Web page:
debt and inflation


Well-Known Member
Feb 24, 2007
By next February the United States Federal government will be $12.4 trillion in debt.

By July 2007 State and local governments owed $2 trillion (and this would be around $5 trillion by now if state and local debt has increased by the same percentage as the federal debt has from July 2007 to now).

Government in America at each level is allowed to rack up financial liabilities that a corporation is bound by law to count as current debt, but which state, local and federal governments don’t count yet. Including what the federal government would owe in the future for things like Social Security and government pensions would put the federal debt somewhere around $60 trillion by July 2007. At the same time the average American household owed $112,043 in mortgage, credit card, auto loans and other consumer debt obligations.

As of last month the physical U.S. currency in circulation was worth just under $2074 trillion. The amount of U.S. money in existence is 3 times the amount of money that this country owes to foreign countries.

The American economy is hogtied by debt. Our economy cannot get out of recession, let alone grow, as long as Americans carry their current debt load. Other than declaring bankruptcy and allowing our creditors to seize our physical assets, the quickest way to reduce our debt is to inflate the money supply. Printing money would mean more money in circulation so more money would be available to pay off debt.

But, paying off debts with inflated money means that debtors will not pay back as much as they borrowed since the money that was borrowed could buy more than the money that is paid back can because of inflation. Loaning a dollar that could buy an 8 ounce cup of coffee and getting paid a dollar that could only buy a 7 ounce cup of coffee means that the lender has lost money.

Having lenders take a hit wouldn’t necessarily be a bad thing since lenders that have offered easy credit for the past thirty years deserve some of the blame for the economic bubble that burst in 2008. Both lenders and borrowers were equally greedy. They fed off of each other and they took equal advantage of each other.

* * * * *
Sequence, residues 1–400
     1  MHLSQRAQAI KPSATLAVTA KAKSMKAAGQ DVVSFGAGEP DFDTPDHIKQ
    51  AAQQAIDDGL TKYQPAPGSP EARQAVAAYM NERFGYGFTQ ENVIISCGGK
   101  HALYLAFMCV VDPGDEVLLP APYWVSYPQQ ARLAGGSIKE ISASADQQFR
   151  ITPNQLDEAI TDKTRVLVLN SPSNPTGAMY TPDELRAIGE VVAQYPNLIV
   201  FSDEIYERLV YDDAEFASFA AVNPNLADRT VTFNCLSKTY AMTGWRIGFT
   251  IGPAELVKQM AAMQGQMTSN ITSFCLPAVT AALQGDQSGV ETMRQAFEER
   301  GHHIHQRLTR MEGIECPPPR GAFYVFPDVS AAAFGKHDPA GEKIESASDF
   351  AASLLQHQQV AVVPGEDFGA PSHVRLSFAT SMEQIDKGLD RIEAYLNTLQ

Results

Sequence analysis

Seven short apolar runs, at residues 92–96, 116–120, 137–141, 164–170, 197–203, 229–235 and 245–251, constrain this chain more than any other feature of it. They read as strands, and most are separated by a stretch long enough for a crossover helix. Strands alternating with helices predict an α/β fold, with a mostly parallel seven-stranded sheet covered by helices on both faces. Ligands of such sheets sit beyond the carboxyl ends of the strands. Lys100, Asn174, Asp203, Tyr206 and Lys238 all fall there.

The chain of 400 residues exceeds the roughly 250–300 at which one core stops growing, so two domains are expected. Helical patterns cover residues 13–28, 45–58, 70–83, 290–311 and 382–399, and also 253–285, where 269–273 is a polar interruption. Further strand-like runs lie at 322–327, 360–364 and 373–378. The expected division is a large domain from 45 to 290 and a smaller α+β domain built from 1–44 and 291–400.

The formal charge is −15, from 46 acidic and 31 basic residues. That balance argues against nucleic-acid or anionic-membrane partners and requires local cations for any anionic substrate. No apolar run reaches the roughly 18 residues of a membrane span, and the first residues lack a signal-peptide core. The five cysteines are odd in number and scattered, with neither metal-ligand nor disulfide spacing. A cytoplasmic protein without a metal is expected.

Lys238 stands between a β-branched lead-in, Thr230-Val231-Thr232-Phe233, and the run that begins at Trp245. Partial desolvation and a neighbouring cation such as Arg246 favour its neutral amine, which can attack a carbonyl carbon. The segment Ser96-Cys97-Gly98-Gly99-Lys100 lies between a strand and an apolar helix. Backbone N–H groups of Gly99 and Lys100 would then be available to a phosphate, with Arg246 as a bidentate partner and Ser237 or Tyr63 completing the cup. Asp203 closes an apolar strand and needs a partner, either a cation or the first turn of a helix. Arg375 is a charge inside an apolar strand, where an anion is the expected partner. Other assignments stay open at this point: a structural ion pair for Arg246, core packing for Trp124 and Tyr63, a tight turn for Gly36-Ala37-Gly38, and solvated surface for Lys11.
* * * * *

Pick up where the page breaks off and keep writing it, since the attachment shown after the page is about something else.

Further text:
However, I still have vivid memories of the Carter Administration. What had been an annual inflation rate averaging 6 to 8% or so under Nixon and Ford became a monthly inflation rate that was often measured in double-digits under Carter. Carter’s economic fiasco was based on printing money (as opposed to the Reagan/Bush/Clinton/Bush/Obama economic fiasco that is based on borrowing). I fear inflation more than I fear any other disaster, natural or manmade short of a WMD attack. Intentionally inflating the money supply to pay off our debt could also increase consumer prices to the point that the economy would be just as bad off.

As a conservative I support sound money, but more and more I worry about what our debt will do to our future. We are in a hard place and it will likely get harder no matter what we do or don’t do. But if our future is to be destroyed, perhaps an inflationary money supply, that we may be able to recover from, will be better than being foreclosed on by the likes of the Red Chinese.

1. Establish a currency ratio by law so that the amount of physical money in circulation is based on the amount of gold and silver owned by the U.S. government, state and local governments, banks and private individuals (that is deposited in banks). This ratio would be set in a way to increase the amount of physical money in circulation, but money would not be redeemable in gold or silver while the government would not restrict the trading of gold and silver so investors would be allowed to bring in gold and silver from overseas. Part of the gold and silver in the country would be held in reserve and would not be represented by money in circulation except to insure bank accounts as FDIC and FSLIC now do when banks and S&Ls go belly up.